Profiles in Nursing

Virginia Barckley and Oncology Nursing

This can-do nurse wrote books, published articles, and loved serving patients bedside.

By Elizabeth Hanink, RN, PHN, BSN
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Profiles in NursingBefore there was radiation or chemotherapy, the whole approach to cancer therapy began and ended with surgery. Sometimes that worked, but often times, it didn’t. Almost as bad, many manifestations of the disease carried a stigma and were not discussed. Just as frequently, doctors did not disclose the diagnosis to patients. As Virginia Barckley, RN, observed at the time, “few other illnesses combine so tragically the wearing qualities of a long illness with the tearing qualities of an acute one.”

Caring for these patients was hard and depressing. Nurse-administered chemotherapy, routine today, was science fiction then. Pain control remained primitive. During the 1940s, visiting nurses, including Barckley, saw many patients at home. Their short, intermittent stops were, due to necessity, task-oriented: dressings, colostomies, and irrigations.

As an American Cancer Society (ACS) volunteer, Barckley realized nurses were a unique resource for cancer sufferers; conversely, cancer care had much to offer nurses. In her mind, “cancer is surgery, it is pediatrics, it is obstetrics, it is rehabilitation.” Following her own advice of always doing more than had to be done, she decided to make a difference. It was her spirit of positive action that led to a new nursing specialty: oncology nursing. In 1961, the ACS honored her with its Citation of Merit.

After obtaining a Masters degree in Mental Health Nursing from Catholic University of America, Barckley worked at a variety of jobs, including head nurse and public health coordinator. In 1962, she joined the ACS staff as National Nurse Consultant, a post she held for 18 years, until her retirement. During this period, she made her most significant contributions. She traveled to all 50 states and became a prolific author. Many of her articles for the American Journal of Nursing have a timeless quality about them. She discussed, for instance, the simplicity, mutuality, and old-fashioned courtesy that constitute good nursing support in any era.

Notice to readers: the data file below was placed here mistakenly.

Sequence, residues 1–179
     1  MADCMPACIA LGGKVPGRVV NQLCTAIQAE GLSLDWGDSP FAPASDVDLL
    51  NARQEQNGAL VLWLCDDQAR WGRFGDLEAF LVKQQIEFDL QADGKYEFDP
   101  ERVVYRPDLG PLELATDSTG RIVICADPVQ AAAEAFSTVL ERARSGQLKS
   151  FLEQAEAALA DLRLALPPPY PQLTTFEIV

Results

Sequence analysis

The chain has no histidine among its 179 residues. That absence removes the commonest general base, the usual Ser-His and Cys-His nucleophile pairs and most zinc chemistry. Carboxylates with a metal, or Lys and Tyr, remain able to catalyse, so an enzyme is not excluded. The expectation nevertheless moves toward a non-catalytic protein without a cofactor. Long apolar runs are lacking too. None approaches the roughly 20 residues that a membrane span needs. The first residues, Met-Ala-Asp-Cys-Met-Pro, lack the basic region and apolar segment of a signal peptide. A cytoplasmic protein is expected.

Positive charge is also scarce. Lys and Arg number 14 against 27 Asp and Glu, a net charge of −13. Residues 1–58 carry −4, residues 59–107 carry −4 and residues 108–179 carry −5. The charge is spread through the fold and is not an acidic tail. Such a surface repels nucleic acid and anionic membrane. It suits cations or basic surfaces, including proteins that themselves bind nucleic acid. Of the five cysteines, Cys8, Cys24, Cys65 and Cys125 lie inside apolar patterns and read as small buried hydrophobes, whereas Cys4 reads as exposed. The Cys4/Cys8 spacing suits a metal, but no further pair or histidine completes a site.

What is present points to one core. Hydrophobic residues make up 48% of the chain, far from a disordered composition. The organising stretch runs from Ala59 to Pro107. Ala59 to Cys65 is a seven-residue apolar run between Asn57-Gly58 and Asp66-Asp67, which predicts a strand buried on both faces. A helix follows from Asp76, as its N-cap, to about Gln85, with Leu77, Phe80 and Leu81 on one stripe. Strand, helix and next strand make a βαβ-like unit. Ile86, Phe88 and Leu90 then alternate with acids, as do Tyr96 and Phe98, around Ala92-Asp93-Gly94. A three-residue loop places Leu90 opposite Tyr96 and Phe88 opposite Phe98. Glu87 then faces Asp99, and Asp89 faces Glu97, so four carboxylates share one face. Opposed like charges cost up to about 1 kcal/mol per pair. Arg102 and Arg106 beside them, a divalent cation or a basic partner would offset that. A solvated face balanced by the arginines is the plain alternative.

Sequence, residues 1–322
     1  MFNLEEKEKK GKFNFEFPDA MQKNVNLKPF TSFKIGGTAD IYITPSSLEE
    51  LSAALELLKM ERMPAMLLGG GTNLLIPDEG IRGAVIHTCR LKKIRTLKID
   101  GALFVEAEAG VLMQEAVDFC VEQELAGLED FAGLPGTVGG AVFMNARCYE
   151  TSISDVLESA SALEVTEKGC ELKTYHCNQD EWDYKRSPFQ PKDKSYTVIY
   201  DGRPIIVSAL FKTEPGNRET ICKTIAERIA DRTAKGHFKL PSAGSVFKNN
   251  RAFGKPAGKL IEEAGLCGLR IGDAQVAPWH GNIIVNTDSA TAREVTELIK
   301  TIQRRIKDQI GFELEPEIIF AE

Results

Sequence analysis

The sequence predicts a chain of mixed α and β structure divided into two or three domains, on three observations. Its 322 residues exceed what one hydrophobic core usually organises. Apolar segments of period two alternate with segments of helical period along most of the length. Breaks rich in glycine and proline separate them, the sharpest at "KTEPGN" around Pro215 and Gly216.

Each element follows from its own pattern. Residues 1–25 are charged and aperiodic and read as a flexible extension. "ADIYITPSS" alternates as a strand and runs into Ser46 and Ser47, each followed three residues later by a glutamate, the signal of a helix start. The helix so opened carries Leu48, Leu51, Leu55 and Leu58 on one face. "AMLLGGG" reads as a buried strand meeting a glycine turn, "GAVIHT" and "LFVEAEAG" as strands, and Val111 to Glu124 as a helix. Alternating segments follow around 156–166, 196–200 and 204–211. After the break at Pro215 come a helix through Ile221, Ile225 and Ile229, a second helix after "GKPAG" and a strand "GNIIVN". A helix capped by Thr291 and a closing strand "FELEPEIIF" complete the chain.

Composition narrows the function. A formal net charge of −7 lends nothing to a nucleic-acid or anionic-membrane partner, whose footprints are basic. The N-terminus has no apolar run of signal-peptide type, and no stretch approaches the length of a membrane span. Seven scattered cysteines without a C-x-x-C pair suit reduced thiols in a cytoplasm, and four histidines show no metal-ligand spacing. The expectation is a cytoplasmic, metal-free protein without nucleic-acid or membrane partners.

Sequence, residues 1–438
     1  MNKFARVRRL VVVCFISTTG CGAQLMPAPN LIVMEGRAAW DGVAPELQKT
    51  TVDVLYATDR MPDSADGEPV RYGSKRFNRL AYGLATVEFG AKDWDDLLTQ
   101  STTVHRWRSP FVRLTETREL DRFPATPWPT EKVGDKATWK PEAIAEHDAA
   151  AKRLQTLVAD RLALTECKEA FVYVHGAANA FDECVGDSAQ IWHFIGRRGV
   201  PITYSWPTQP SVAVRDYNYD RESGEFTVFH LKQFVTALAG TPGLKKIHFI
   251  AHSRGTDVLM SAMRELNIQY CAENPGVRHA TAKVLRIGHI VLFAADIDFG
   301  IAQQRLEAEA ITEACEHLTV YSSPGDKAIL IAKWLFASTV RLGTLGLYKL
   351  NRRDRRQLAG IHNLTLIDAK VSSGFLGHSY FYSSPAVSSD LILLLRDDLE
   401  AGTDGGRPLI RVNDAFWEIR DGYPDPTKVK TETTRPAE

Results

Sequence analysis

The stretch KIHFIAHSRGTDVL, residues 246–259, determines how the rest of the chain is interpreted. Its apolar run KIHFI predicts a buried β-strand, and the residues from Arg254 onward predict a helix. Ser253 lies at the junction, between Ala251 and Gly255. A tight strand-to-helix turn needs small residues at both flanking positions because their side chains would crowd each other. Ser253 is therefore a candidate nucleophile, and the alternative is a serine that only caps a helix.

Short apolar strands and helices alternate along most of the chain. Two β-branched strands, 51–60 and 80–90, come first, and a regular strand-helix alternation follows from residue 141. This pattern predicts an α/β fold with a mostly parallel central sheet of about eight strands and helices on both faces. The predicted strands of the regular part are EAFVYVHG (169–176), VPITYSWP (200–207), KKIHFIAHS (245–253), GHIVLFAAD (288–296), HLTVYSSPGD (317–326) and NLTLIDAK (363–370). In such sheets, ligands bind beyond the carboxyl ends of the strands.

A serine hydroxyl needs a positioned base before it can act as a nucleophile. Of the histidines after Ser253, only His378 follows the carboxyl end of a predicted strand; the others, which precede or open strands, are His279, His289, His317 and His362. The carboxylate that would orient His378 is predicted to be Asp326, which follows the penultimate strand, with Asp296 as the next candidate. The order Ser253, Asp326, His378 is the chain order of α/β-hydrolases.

As a member of Sigma Theta Tau, the international nursing honor society, she encouraged research directed specifically for oncology nursing. Her book, Cancer Nursing, Information and Concepts, enjoyed an international reputation, and she was a contributor to the ACS perennial, A Cancer Source Book for Nurses. Along with her colleague Renilda Hilkemeyer, she developed a work study program for students that gave them clinical experience at leading cancer institutes.

Other programs targeted the care of oncology patients in skilled care facilities and, at a time when visits cost from $3 to $6, home care. As an educator, she laid the foundational guidelines for a Masters degree with a specialty in oncology nursing, and putting her money where her mouth was, she saw to the provision of ACS scholarship funding to prepare interested nurses at the graduate level.

Barckley could quote the philosopher Plutarch, Krishna in the Indian Holy Book, and write plays. In 1974, she wrote the script to the award-winning documentary, The Nursing Management of Children with Cancer. As a “can do” person, she once fed herself on $1.18 a day to show herself and others the plight of the elderly poor. That particular report went into the premier issue of Geriatric Nursing.

In 1974, she and Hilkemeyer organized a national conference on cancer nursing. Having expected 100, they were stunned to see 2,500 registered for this first ever event. Over time, participants at this meeting formed the Oncology Nursing Society. Barckley served on its advisory board. In 1981, she became the first honorary member of the Association of Pediatric Oncology Nurses.

Virginia Barckley died quietly in her own home in 1993. Before she died, the International Society of Nurses in Cancer Care recognized her with its Distinguished Merit Award, and the Sloan Kettering Cancer Center presented her their Centennial Medal for Lifelong Achievement.

Elizabeth Hanink, RN, PHN, BSN is a freelance writer with extensive hospital and community-based nursing experience.

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